I stood at the front of the library’s presentation room with my whimsical, cat-meme-heavy PowerPoint up on the screen beside me, poised to speak with dozens of homeschoolers. They were on a lunch break from all-day workshops and eager to hear about my life as an author, as well as where they might start publishing their own writing. But before I could pick up the microphone, the children’s librarian beside me spoke into it.
“Those families who requested to leave for this hour should do so now,” she said.
Six kids stood up, their parents beside them, and filed out of the room. I stepped to whisper to the young adult librarians.
“This is because of my character who has two mothers, isn’t it?”
They nodded and rolled their eyes in sympathy. The children’s librarian had read my newest book and tipped off the homeschooling parents. “It’s fine to mention same-sex parents in your story,” she told me with the microphone turned off, “as long as you’re not openly advocating for that lifestyle.”
“Daisy Woodworm Changes the World” is my middle-grade novel inspired by my younger brother who has Down syndrome. It features a cast of characters from a variety of races and ethnicities, both neurotypical and neurodiverse, who get a school assignment to change the world. They decide to save the Special Olympics Summer Games in their hometown, which are threatened by a lack of funding.
I can count on two hands the number of novels for children and young adults that feature a main character with Down syndrome. I grew up sharing inside jokes and family camping trips with a sibling with this genetic condition, and I witnessed peers recoiling in confusion and fear because of it. As a result, I’m passionate about representing kids with intellectual disabilities. My characters are empowered and work in conjunction with their neurotypical friends toward a common goal.
That representation, in children’s media, is crucial for the 6,000 people a year born with Down syndrome — people like “Champions” actress and talk show host Madison Tevlin, athlete and inspirational speaker Abigail (“The Advocate”) Adams and fashion entrepreneur John Cronin.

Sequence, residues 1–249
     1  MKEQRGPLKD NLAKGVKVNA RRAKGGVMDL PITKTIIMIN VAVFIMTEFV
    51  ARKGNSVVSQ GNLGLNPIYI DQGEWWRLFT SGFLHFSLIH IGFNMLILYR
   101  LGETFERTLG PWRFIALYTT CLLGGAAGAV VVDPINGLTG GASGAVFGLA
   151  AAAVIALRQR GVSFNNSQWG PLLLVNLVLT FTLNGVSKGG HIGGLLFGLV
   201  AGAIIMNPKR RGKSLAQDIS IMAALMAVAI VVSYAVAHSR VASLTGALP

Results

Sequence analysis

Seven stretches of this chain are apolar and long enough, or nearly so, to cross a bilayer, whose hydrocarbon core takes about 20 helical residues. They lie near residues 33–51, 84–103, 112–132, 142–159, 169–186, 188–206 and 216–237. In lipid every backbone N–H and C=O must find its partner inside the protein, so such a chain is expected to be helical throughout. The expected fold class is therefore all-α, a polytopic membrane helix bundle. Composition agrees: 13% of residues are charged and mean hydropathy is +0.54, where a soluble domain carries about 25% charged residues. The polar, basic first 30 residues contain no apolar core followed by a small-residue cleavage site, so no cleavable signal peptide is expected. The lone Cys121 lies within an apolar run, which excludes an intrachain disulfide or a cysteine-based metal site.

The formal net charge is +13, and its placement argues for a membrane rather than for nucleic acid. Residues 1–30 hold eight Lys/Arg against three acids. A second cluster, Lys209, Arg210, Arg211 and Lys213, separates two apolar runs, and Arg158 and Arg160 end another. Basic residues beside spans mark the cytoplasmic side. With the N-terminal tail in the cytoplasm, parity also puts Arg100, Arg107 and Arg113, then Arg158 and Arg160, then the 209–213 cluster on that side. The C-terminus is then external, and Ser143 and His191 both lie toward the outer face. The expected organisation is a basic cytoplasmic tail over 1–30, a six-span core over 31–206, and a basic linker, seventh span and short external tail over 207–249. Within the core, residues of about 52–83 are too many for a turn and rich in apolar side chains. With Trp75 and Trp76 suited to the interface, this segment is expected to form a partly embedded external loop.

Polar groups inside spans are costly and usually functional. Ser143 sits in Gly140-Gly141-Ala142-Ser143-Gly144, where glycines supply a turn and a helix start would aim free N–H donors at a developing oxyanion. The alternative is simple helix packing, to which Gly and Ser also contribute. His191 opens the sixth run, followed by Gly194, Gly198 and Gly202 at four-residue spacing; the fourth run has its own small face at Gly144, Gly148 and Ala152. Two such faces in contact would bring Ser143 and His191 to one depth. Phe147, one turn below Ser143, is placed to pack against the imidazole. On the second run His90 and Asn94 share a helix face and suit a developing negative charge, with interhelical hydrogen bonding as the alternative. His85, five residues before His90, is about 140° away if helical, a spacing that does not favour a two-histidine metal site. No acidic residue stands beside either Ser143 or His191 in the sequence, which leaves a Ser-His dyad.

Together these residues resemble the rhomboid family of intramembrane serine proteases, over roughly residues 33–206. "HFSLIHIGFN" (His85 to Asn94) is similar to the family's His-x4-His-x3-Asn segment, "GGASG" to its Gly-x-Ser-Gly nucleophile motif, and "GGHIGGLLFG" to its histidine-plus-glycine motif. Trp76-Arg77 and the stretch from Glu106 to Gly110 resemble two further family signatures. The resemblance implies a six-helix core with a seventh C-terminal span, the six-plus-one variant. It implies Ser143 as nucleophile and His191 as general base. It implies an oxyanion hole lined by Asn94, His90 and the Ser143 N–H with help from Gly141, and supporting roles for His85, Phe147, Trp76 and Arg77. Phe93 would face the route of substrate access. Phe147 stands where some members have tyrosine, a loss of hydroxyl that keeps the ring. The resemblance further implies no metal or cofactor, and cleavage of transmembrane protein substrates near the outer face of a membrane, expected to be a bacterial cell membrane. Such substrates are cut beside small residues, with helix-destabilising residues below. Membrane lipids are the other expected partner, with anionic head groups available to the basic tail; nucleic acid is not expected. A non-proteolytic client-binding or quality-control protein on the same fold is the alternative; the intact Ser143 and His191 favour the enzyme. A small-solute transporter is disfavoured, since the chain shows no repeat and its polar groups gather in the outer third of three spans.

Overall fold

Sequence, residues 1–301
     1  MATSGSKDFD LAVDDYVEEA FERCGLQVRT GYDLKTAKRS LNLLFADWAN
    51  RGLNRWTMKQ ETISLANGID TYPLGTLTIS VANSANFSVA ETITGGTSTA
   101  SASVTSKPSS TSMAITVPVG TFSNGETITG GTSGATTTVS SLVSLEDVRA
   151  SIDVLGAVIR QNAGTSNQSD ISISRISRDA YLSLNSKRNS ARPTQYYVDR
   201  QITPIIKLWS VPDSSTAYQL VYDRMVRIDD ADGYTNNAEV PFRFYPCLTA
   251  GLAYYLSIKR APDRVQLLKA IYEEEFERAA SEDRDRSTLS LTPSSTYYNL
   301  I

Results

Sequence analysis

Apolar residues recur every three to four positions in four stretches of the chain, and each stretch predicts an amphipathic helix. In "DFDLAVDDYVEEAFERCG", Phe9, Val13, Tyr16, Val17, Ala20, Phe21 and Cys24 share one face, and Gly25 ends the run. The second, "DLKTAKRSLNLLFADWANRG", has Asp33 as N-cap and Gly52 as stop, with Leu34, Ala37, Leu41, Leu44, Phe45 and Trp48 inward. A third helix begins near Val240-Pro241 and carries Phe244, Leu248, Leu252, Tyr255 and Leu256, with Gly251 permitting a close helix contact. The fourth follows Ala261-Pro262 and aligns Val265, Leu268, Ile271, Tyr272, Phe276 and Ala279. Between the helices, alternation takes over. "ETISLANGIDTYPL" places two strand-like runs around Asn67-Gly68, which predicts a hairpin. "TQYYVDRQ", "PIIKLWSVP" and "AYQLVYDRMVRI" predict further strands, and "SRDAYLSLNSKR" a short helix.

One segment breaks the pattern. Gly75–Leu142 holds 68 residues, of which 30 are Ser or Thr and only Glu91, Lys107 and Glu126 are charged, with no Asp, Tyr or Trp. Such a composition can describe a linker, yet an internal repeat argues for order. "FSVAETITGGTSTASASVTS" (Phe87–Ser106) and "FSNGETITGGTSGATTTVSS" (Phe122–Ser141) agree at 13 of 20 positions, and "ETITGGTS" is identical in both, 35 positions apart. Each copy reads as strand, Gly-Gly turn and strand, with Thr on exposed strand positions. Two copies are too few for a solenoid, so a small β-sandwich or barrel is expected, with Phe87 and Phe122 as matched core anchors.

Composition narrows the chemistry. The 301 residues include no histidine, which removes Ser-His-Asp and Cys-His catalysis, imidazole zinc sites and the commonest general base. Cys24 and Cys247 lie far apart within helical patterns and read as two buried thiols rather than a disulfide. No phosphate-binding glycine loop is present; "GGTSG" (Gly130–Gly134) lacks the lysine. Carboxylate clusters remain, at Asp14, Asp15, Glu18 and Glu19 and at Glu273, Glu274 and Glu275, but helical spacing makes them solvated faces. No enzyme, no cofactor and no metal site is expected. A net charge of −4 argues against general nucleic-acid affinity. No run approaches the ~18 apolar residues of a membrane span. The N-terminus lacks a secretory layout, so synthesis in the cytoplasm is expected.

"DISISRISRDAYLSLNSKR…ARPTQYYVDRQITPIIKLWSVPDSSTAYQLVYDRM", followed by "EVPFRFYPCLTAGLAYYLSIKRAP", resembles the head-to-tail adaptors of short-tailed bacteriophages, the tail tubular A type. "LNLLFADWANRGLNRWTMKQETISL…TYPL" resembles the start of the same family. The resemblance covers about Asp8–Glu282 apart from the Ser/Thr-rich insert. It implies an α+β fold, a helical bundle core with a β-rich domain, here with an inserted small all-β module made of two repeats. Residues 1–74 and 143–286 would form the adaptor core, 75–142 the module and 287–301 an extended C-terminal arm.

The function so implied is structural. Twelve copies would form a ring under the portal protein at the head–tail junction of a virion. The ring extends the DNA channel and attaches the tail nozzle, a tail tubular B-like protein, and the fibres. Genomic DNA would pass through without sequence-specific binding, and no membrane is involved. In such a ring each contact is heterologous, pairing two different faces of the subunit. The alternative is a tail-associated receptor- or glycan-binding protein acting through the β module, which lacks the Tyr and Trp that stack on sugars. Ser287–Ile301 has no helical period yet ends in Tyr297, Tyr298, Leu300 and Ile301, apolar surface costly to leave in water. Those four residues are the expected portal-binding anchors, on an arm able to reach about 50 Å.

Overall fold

“For those who champion diverse books by diverse writers, it’s kids who are suffering the ultimate loss.”
But because of a handful of sentences among 281 pages, adults are going to considerable lengths to make sure kids don’t read my newest book. These sentences have nothing to do with Down syndrome. Rather, they belong to the protagonist’s best friend who has — as my brother and I did — two mothers.
Here’s one of the scenes deemed dangerous for young people; in it, the character, Poppy, has just organized a benefit for families affected by a flood in India, inspired by her middle school teacher and track coach:
At intermission, people crowded the dessert table piled with nankhatai and store-bought cookies. Coach Lipinsky walked over to Poppy and her moms. “Spectacular work,” he said and shook Poppy’s hand, and her mothers’ hands too. “I never dreamed, when I assigned this project, that the students would rise to the occasion this spectacularly. You must be very proud.”
“She’s quite a kid.” Poppy’s mom smiled at her.
Her mama clasped Coach Lipinsky’s hand between her own hands. “You’ve helped these kids to achieve amazing things,” she said. “Thank you.”
“Big yikes.” Poppy pulled me toward the coffee station.
“That’s enough emotion for one night!”
To catch you up to speed on the state of book banning in the U.S., a Pensacola school board banned three queer-themed books in February: “All Boys aren’t Blue,” “When Aidan Became a Brother,” and “And Tango Makes Three”—the latter is the 2005 kids picture book based on two male penguins who raised a chick together at the Central Park Zoo.